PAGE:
Football: Wish you were here: You'd love the footy

Madrid: Juninho meets Muzzy
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The Independent Online
Sunday: In a song about the empty hotel life of the travelling performer, Elton John sang that it was always a 10-minute drive to the Holiday Inn. Football being the new rock and roll, I get the same feeling as I leave the one in Leicester this morning for Filbert Street, then East Midlands Airport as we embark on the Uefa Cup campaign that last-gasp goal of mine against Middlesbrough in the Coca-Cola Cup final has earned us.

It is a glamorous tie - Atletico Madrid, and another meeting with Juninho. But we don't really like all this "romantic adventure" stuff. Although it may mean that teams under-estimate us, it does ignore our quality and professionalism. Mind you, not very professional of me to forget my tracksuit and I have to buy one in the shop at the airport.

Pleasant flight, though nowhere near long enough. I have taken pounds 1,300 off Garry Parker, Scott Taylor and Tony Cottee at cards and could have done with the plane going on to Russia, such is the streak I'm on. On arrival, our club coach, which has been driven down through France and Spain, is waiting to take us to the Eurobuilding Hotel. An armed guard accompanies us. Madrid must have been alerted to Neil Lennon and Muzzy Izzet - nicknamed the Kray Twins.

Dinner is undercooked steaks and after a walk with Robbie Savage followed by The Saint on the pay-for movie channel, it is head down on the two pillows I always bring with me on away trips.

Monday: Forty-five minutes to the training ground outside the city in the middle of nowhere. I have a nightmare in the five-a-side, but then I usually do; it is training after all. Though it is a pleasant sunny day, I keep my tracksuit on. If I didn't, I would have to daub on sunblock. Because of the medication I take to control a heart murmur, my skin is hyper-sensitive to sun.

On the way back there is some sightseeing, with our manager Martin O'Neill and his assistant John Robertson pointing out the many grounds on which they scored goals for Nottingham Forest in Europe. After an afternoon of sleep, it is training again in the early evening at the Atletico stadium, a bit bigger and grander than Filbert Street but with a worse pitch. U2 played on it recently and they apparently scuffed it up with their long- ball game. Late dinner is the undercooked steaks we sent back the night before. Luckily there is a TGI Fridays round the corner and the whole squad troops off there. I order a hamburger "Bravo" - well done. High old life, this football.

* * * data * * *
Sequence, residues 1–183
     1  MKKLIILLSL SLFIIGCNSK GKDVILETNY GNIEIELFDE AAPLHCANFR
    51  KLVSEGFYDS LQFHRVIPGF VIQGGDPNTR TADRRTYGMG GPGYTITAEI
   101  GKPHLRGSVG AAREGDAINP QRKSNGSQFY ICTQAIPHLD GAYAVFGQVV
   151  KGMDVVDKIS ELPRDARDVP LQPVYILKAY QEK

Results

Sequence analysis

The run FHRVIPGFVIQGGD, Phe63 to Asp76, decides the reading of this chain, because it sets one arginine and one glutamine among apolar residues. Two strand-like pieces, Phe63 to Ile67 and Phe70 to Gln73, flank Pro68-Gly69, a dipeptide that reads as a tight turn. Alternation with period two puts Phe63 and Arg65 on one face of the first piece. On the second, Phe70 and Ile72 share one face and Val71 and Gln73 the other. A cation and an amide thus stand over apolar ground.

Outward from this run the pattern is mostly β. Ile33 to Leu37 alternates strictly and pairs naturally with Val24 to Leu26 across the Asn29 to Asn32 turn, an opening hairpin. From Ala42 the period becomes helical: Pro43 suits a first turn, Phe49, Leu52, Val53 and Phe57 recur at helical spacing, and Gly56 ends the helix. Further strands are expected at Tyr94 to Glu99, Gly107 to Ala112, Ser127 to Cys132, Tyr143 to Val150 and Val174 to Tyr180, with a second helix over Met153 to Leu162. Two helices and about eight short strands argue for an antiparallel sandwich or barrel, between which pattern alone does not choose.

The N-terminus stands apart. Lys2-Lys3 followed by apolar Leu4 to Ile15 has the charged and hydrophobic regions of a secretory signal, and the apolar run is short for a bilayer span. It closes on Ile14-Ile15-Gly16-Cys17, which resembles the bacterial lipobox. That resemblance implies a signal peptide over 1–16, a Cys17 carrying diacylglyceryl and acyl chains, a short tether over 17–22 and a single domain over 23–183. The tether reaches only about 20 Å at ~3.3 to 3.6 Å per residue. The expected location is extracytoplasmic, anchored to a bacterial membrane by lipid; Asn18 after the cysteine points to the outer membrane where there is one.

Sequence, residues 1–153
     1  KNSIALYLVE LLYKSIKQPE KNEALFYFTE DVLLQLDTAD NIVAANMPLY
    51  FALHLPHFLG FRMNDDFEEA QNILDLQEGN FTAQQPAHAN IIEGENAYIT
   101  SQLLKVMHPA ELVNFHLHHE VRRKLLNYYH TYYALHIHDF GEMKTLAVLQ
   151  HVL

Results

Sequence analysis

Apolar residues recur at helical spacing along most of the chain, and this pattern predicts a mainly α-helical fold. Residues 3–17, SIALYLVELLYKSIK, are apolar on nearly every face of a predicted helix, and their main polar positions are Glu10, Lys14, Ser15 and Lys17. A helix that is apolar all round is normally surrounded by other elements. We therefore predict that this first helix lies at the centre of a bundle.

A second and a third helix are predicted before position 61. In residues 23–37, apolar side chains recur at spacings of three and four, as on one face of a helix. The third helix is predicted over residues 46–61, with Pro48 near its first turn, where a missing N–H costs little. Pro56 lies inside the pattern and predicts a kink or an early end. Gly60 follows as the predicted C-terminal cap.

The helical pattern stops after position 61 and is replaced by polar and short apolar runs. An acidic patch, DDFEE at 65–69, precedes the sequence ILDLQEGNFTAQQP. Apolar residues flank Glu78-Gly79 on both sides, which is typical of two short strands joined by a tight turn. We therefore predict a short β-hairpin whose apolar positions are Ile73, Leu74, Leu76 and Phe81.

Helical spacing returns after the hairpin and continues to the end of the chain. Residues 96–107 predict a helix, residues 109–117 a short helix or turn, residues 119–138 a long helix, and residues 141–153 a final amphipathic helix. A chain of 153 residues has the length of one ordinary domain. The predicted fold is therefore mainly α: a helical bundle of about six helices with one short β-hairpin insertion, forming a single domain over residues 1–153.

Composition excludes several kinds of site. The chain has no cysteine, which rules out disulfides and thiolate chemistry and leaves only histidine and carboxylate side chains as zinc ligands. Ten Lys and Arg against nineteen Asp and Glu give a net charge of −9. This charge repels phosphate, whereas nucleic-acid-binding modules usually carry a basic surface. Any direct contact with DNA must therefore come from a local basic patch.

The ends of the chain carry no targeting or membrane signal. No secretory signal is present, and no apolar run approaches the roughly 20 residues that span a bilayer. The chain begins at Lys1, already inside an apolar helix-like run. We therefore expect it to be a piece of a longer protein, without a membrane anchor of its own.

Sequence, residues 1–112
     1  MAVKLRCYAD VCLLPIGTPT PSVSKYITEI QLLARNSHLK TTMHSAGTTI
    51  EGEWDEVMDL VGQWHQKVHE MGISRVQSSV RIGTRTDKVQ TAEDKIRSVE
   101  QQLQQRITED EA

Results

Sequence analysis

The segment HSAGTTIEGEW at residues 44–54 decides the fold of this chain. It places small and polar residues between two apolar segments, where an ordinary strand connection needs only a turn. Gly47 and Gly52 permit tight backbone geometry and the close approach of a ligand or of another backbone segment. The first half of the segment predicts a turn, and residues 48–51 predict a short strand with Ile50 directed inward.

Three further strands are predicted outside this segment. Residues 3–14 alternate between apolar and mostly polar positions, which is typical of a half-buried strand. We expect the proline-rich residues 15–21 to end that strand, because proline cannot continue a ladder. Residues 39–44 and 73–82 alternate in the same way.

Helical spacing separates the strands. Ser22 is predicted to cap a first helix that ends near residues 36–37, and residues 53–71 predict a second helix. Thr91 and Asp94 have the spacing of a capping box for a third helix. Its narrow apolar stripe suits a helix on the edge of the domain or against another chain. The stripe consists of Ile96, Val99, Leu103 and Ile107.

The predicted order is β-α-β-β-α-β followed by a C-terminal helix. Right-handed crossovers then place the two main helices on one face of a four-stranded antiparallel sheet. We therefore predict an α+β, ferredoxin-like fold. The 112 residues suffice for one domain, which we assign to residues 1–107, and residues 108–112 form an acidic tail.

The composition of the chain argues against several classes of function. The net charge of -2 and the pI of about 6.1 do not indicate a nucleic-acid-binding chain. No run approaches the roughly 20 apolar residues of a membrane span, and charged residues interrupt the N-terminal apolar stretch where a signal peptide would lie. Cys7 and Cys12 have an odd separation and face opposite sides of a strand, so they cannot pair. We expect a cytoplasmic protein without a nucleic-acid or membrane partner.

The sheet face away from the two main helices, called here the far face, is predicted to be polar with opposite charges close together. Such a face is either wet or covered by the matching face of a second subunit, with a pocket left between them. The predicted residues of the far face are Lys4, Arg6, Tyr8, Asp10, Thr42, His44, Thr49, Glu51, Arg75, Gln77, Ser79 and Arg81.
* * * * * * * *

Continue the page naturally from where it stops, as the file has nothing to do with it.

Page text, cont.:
Tuesday: Back to the middle of nowhere for a light training session, old 'uns v young 'uns at eight-a-side. Oldsters win for the ninth time in a row. Then it is sleep until 6pm, followed by corn flakes and toast.

I am disappointed to be named only a substitute and don't think I will get on, especially after Ian Marshall gives us an early lead. Then a nasty injury to him means me being thrown on after half an hour. Might even have doubled the lead before the break but I lob on to the roof of the net. The ball seems so much lighter over here and just will not come down - that's my excuse.

As the game gets more frantic in the second half, we can hardly break out. I feel the referee loses his early control. Juninho pokes them level before Christian Vieri - not pounds 12.5m worth, to my mind - gives them the win with a highly dubious penalty.

Wednesday: Most teams in Europe travel back straight after the game but I suppose because we don't get out much in Leicester, we string it out as long as we can. This tie is far from over, I think on the plane home. Atletico are no better than Liverpool, who we have beaten this season. They will not like the way we come at them. They may now know all about us, but that doesn't mean they know how to stop us, does it?

Steve Claridge's updated `Tales from the Boot Camps', written with Ian Ridley, will be published in paperback by Vista (pounds 5.99) on 23 October.